Would you mind if I asked you a few questions,
- Do you ever take the gifts of the IWU campus as a personal privilege?
- Do you simply assume it will be here tomorrow or that it should be yours; or maybe complain when it is not available?
- Can you sincerely pray the Lord’s Prayer, “Give us this day our daily bread” when you still have 90+ meals left for the semester?
- Is there even a place for God to show Himself as our provider when we already have it all? Now does the passage of scripture in Luke 24 make sense, “They did not believe because of their joy?”
Let me try to make a specific application. If our faulty concept of joy is actually getting in the way of our spiritual development, “What do we do?” This week is Holy Week, the 7 days which lead up to Easter. Lent should be a time of self-denial and inner-searching. Maybe try this:
- Focus upon the issues of Doulos this week. Instead of trying to find someone of the other sex as your recreation for the week (spring focus on IWU campus as we all know); what if you rather focused on re-creation; freeing someone who currently is a slave to sex.
- Before you return home for Easter Break; fast and pray for at least 24 hours. Give something up that you haven take for granted. Maybe, just maybe your physical needs will become a bit less of a priority in your life.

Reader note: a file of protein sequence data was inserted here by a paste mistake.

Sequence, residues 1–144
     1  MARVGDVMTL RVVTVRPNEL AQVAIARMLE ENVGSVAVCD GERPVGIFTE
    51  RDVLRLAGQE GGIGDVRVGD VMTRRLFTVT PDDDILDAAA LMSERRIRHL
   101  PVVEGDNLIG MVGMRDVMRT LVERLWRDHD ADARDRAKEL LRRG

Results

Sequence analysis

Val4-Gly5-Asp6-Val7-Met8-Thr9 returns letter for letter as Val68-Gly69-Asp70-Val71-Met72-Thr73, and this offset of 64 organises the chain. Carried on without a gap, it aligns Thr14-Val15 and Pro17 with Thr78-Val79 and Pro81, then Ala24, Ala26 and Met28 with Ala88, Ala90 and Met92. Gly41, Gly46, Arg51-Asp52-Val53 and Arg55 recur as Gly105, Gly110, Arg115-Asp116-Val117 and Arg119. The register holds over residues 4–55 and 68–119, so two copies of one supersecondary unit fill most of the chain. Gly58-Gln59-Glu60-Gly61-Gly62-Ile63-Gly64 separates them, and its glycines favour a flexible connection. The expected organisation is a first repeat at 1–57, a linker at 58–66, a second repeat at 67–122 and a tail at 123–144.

- Pray about taking a short-term mission trip. You need to see “real joy” that radiates from someone who has absolutely no material possessions. For many Americans, that is one of the greatest “signs/miracles” they will ever see.
- Instead of spending $4 on a Chai Tea special drink; give the money to a redemptive cause. See number 1.
- And if you do not buy the drink at McConn, intentionally invest that hour not with a casual friend but instead walk down to Colonial Oaks Nursing home (4725 S Colonial Oaks Dr, Marion, IN; 10 minute walk from campus). Spend 60 minutes with someone who has not had a visitor for a month. Call it, “Adopt a grand-parent.” Trust me on this when I say, your casual friend will never miss you; your adoptive grand-parent will not stop talking about your visit for a week! “What you do unto the least of these you do unto me.”
- Direct your attention to the local church this week; i.e., attend Good Friday, and Easter Sunday. Find a place to practice the Holy Sacrament of Communion.
- Take 90 minutes this week and read thru John 12-21; Holy Week according to John. It will re-orient priorities.
Jesus says, “These things I have spoken to you, that my joy may be in you, and that your joy may be complete.” (John 15:11)
We want joy that emanates from You; not the world’s second rate substitutes.
We fear that we might settle for the temporal over the eternal;
We do not want joy that comes from what we buy rather we desire what You have purchased for us.
We want to want what You want.
This week, Lord; we want to see with Divine eyes.
Now, Go With God.